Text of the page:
Costa Rica Border

Costa-Rica: How to Get There from Nicaragua and Panama; Tips for crossing Costa-Rican Border

Costa-Rica is one of the most popular Central American countries: it is very safe, and its infrastructure is very well-developed. Certain developments, however, have not quite reached it: for instance, the border and customs are quite chaotic, and to reach the Costa Rican border, one has to change transport several times. In this post, we share the experience of crossing the border and taking public transport from both sides.
Costa-Rica: How to Get

From Panama to Costa-Rica

There is a direct bus from Panama-City to San-Jose (the capital of Costa-Rica) which takes about 24 hours. But we recommend breaking this long trip into two parts by stopping in Almirante and getting to Bocas del Toro islands from there by ferry or boat. On your way back from Bocas del Toro, you may book a transfer from the border with Costa-Rica for 17 dollars (you may do this in advance in one of many Bocas del Toro tourist offices) or get there by changing several buses (we paid 5 dollars for the boat to Almirante, 1.75 dollars to get from Almirante to Changionla, and then one more dollar each for the transfer from Almirante to the border). We recommend getting the evening boat from Bocas del Toro to Almirante, sleep in one of many cheap Almirante hotels, and continue your way in the morning.
From Panama to Costa-Rica

The buses from Almirante to Changionola start at 5.30 and leave every 15-30 minutes. Buses from Changionola to the border are equally frequent.

Crossing Panama – Costa-Rica Border

When you arrive at the border by bus, you have to go up to the abandoned bridge.
Crossing Panama – Costa-Rica Border

There, you buy stamps for leaving Panama, 4 dollars each. Then you cross the mound and find the booth with migration officers. There, they check your passport and stamp it. The vigilant officers did not want to let us out thinking that we do not have the right for the visa-free entrance to Costa-Rica. Before going to such countries, we download the visa-related rules in their languages, because very often the officers themselves are not aware of the legal regulations in their countries (in our case, they did not know that the European Union residence permit or the US visa allow for visa-free entrance). We convinced the officers that we can enter, got the stamp, and, having crossed the parallel bridge, found ourselves in Costa-Rica.
Crossing Panama – Costa-Rica Border

Costa-Rican officer did not ask any questions at all, so it was already at 10 AM that we were sitting in the bus from the Costa-Rican border to San-Jose. The ticket to San-Jose cost 26 dollars, the cashier accepted both local money and dollars. The price of the ticket is quite high for Central America, but one should remember that Costa-Rica is the most expensive country in the region. It takes about 6 hours to get from the border to San-Jose, as the bus stops in many small towns and there is a lot of traffic. You may try to get to Limon and then to San-Jose, but it may take the same amount of time. The bus arrives at Terminal Atlantico Norte in San-Jose.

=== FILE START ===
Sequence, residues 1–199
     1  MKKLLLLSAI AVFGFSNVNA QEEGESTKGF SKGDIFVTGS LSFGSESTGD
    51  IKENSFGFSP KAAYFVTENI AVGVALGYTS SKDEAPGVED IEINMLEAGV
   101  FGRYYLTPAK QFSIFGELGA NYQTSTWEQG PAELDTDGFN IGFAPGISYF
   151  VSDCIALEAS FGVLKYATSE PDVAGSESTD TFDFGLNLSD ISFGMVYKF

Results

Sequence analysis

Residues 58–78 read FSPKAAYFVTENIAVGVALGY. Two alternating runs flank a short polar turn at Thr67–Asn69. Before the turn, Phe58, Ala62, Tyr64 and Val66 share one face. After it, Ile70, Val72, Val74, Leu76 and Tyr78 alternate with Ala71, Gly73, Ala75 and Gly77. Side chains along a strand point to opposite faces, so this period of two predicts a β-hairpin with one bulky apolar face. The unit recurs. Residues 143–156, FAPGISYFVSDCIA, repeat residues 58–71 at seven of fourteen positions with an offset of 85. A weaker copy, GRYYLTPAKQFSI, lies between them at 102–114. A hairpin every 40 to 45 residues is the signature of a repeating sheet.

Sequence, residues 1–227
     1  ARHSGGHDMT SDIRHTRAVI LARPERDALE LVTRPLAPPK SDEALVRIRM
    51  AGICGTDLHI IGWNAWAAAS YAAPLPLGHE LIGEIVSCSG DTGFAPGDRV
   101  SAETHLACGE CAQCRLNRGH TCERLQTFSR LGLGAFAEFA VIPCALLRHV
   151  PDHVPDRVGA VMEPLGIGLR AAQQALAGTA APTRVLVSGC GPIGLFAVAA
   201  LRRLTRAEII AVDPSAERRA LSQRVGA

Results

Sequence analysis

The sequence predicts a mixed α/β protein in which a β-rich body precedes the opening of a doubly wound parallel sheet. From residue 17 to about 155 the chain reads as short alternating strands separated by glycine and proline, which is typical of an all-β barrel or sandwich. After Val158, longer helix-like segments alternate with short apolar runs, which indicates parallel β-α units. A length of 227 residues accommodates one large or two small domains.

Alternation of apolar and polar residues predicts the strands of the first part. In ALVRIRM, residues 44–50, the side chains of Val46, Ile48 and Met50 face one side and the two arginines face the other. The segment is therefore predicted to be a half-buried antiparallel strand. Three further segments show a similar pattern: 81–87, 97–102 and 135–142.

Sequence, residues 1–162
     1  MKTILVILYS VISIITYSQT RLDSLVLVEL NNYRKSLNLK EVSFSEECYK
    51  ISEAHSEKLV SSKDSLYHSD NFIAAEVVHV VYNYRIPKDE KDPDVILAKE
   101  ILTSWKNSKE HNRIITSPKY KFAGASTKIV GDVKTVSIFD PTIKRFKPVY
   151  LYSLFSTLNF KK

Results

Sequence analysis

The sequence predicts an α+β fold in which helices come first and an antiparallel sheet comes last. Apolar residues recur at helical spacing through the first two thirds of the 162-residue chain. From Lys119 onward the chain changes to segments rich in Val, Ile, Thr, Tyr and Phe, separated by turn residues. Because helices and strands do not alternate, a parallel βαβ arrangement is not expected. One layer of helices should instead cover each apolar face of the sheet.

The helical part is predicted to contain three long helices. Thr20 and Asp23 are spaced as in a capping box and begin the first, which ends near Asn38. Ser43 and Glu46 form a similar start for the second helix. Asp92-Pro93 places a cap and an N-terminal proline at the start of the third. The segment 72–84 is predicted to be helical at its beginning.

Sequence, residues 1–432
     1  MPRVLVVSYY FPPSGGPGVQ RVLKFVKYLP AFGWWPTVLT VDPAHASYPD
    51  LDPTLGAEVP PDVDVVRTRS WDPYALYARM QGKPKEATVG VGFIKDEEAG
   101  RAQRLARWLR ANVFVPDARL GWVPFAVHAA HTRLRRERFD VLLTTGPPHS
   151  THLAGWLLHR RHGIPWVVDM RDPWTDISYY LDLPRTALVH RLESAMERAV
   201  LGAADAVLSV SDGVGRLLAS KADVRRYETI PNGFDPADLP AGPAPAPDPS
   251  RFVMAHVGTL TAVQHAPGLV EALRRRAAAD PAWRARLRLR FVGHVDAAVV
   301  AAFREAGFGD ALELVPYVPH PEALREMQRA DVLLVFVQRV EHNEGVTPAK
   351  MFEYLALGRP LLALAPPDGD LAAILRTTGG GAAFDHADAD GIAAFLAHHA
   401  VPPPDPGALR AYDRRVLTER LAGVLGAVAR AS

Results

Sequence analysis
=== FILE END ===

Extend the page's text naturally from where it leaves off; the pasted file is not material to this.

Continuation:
To/From Nicaragua: Crossing the Border

The trip from San-Jose to the border with Nicaragua takes about 6 hours: our bus from San-Jose departed at 5AM and we could easily get Uber taxi then (which was also quite cheap). The bus was great, it only did not have the toilet and air conditioner. The final bus stop is two kilometers from the border, so you either have to walk or to take a taxi. Costa-Rica – Nicaragua border is one of the most inefficient borders we have ever seen. According to Central American tradition, you have to pay for leaving the country, but it is hard to find the booths, as they are a bit outside. Officially, it costs 7 dollars, but some booths sell it for 8.
Then the mess continues. You have to walk on foot to the border of Nicaragua to check the passports.
Nicaragua: Crossing the Border

You cannot find any officers or signs on the way, just the flows of people running in the opposite directions. At some point, a migration officer stopped us, and it took him a while to look at our passports and ask questions. “Competent” people were coming up to him just to stare at the passports or, seeing the Belarusian passport, to nod as if they finally understand and say “Belize.” This is how we were standing for about 20 minutes. Finally, our officer received an approval on the walkie, and we could enter Nicaragua. We reached the migration office which seemed more like a market due to lots of people selling a lot of stuff next to it. On the entrance, there is a booth, from which you get another stamp for a dollar. Many people do not stop at it, and nobody checks the stamp afterwards. In the office, another queue formed after us: the officer was again surprised by our passport and left for consultation. A man in the queue appeared to know that there is a country called Belarus and even remembered its capital. The officer finally stamped our passports (with another entrance fee—12 dollars—involved). At the exit, we had to scan our bags and show our stamps. The stupidity of the border reached zenith in the terrible toilet which cost 1.3 dollars (special price for tourists), but we did not feel like bargaining or looking for something else anymore. We could immediately take the bus to our next destination Rivas and continue to our main Nicaragua stop—island Ometepe. The bus was full of people and cheerful Latin American music.
Ometepe

chicken bus